Something to Talk About
Diane Leibel (Letters, Dec. 20) wonders why Susan Jay, in her account of contacting the man who raped her 22 years ago, ("Calling It Rape") doesn't identify her rapist by his real name. Assuming that Leibel is familiar with the concept of libel suits, she apparently feels that Jay's unwillingness to go through a protracted legal battle at this point in her life makes her a moral coward.
I beg to differ. I'm no expert on rape, but I'd bet that most people were thrilled to see Jay's story featured so prominently. After all, such stories are sure to help other rape survivors by letting them know they're not alone. And they are useful to those of us who have never suffered the outrage of rape personally, for they remind us what a devastating and life-altering ordeal it is.
In other words, openness about rape is one of the best ways to fight it. It's hard to see how Leibel's assertion that Jay "shouldn't have bothered" to write her story fits into that simple equation.
I really am insulted by your reprint of Frank Kozik's "art" ("The Stick-Up Artist," Music, Dec. 13), in which a bosomy, swastika-pantied demoness sits astride a crucified and thorn-crowned Christ, pitchfork in hand, commenting, "What can I say ... it's a living."
If Kozik's goddess were mocking Holocaust victims or Native American poverty or Tibetan refugees -- or if the crucified were dressed as a campesino or a Malaysian garment worker (which, in fact, according to the Gospel, he is) -- you wouldn't dare publish such slime. But Jesus Christ -- well, that's funny! -- regardless of how Christians may feel. And Christians do exist, you know: many of us precisely in those Third World populations for which you elsewhere effuse the most liberal sympathies. But then, you are a liberal paper, and Christian-bashing is a liberal's anti-Semitism -- so hey! as the lady says, "What can you say? It's a living."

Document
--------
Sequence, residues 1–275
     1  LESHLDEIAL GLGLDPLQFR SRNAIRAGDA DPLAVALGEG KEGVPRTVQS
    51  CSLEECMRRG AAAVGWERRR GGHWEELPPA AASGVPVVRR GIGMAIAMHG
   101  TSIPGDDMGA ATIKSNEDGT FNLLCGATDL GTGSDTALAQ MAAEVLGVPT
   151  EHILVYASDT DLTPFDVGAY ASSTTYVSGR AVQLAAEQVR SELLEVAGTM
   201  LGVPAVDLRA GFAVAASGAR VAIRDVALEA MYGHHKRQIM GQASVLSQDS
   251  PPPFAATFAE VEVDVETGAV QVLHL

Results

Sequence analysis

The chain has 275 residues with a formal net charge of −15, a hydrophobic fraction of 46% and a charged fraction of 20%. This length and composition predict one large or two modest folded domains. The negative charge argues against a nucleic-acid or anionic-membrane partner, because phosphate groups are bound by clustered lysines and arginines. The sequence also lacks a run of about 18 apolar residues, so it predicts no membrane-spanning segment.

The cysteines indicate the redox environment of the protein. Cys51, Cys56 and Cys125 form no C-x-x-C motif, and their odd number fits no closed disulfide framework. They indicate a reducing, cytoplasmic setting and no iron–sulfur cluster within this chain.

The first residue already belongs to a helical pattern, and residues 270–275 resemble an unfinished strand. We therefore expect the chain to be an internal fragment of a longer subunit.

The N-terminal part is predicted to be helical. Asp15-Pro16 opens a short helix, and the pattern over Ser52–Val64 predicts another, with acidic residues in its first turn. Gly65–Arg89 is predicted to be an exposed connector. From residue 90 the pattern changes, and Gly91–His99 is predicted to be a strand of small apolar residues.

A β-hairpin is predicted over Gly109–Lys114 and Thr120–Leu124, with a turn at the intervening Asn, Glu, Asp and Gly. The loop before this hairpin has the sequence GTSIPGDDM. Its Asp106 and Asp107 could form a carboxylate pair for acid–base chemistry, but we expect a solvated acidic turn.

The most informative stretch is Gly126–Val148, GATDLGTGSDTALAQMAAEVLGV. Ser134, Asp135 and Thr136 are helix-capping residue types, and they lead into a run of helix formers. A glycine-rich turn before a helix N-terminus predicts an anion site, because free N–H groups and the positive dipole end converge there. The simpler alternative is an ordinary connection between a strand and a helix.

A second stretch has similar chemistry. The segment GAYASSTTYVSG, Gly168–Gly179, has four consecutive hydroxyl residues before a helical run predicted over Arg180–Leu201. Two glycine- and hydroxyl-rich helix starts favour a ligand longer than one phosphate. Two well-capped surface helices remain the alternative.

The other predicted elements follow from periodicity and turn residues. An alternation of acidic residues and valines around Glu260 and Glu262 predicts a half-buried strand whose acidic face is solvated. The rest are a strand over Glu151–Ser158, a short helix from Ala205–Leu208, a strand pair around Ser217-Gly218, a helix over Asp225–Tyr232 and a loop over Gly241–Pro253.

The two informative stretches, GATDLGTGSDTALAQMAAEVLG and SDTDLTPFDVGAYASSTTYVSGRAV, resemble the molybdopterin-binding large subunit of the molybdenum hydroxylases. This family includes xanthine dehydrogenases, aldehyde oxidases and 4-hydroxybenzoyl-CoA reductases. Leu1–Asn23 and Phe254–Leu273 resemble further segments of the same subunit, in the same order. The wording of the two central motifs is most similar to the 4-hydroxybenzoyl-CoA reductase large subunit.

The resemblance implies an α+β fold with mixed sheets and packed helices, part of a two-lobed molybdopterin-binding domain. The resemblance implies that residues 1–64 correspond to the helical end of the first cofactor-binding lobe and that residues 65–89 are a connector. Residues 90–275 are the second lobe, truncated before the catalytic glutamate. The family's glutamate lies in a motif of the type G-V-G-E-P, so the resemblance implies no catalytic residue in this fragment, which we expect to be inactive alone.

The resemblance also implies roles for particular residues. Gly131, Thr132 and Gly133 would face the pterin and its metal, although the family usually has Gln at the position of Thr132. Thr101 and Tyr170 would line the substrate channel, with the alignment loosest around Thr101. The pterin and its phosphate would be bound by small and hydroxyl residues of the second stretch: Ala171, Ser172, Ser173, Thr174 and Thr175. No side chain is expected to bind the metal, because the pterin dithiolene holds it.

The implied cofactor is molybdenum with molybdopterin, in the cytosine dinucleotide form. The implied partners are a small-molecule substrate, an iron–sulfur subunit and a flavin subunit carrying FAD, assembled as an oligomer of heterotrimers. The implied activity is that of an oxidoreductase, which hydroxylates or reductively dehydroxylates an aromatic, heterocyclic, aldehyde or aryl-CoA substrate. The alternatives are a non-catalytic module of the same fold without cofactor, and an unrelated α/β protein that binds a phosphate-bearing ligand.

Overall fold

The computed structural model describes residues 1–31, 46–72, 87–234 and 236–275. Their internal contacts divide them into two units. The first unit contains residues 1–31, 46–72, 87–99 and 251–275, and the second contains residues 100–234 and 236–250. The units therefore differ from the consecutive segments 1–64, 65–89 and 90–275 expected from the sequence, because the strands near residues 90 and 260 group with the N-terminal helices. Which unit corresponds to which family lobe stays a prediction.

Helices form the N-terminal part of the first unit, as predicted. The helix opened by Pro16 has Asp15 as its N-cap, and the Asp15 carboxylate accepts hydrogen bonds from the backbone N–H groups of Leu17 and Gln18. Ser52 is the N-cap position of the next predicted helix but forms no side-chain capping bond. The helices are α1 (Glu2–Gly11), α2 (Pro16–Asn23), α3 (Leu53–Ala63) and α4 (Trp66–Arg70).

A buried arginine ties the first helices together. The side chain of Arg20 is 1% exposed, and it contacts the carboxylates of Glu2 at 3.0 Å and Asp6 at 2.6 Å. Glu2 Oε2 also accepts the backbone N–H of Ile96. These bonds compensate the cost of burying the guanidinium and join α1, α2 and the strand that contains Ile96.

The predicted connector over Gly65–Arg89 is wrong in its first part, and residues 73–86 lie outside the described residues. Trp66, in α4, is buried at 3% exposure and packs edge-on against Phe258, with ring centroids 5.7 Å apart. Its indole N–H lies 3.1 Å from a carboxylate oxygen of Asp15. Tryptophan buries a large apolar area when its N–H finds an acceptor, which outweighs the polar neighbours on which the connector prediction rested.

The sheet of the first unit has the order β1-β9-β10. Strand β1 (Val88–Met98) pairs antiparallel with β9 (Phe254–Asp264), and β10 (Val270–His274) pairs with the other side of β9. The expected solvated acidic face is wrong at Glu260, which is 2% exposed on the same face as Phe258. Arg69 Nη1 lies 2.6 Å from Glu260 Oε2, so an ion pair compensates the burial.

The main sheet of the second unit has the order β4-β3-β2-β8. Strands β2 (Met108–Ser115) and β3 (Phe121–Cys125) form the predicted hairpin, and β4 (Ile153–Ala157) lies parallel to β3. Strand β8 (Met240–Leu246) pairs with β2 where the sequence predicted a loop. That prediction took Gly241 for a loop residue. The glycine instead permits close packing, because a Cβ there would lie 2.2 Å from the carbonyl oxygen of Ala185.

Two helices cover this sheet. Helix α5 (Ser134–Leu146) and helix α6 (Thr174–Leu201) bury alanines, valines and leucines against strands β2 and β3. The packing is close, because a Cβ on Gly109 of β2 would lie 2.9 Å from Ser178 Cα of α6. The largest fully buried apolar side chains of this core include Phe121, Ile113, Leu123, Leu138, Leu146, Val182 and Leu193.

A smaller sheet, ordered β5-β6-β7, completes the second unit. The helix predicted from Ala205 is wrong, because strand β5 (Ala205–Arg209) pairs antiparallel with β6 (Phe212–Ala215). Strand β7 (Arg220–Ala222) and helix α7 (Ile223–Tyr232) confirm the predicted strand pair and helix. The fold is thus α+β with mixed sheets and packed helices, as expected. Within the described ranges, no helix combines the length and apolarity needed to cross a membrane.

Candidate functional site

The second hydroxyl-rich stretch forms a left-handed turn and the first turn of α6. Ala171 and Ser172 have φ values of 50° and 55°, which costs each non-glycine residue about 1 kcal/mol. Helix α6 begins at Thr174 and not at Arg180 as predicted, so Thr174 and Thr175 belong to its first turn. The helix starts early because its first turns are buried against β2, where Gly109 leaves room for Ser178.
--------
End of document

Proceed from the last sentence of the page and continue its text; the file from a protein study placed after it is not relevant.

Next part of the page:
Despite the Savior's fundamental preferences for justice over power, Christians are driven to the right precisely because of images and rhetoric like yours. How often have I personally had to justify my involvement in environmental, political, and economic causes to my own Eastern Orthodox community because of your all-too-obvious hatred (and ignorance) of what we consider most profound and dear. But somehow I doubt you're going to think about this before you publish any more stupid jokes.
Well, as for jokes, a reader pointed out a few weeks ago (Letters, Oct. 11) that the Bay Area's copycat weeklies have made the idea of an independent press into a "fucking joke" as much as the dailies have. And as we see, the joke often enough relies on sexual degradation and religious slurs. But with so many weeklies doing the same thing, why not do the left a favor and save a few thousand needlessly expended trees per week by just going out of business?
Or could it be that the Nazi goddess you worship is strictly into money and power, just like all the other idols of the nations?
"Dome and Dumber" (Dec. 20) correctly cited the Human Rights Commission data base when it stated the minority-contracting status of Aladdin Builders. However, a letter declaring Aladdin a certified woman-owned business enterprise was issued on Sept. 1, 1994, according to a copy maintained in the records of company owner Jean Pardue.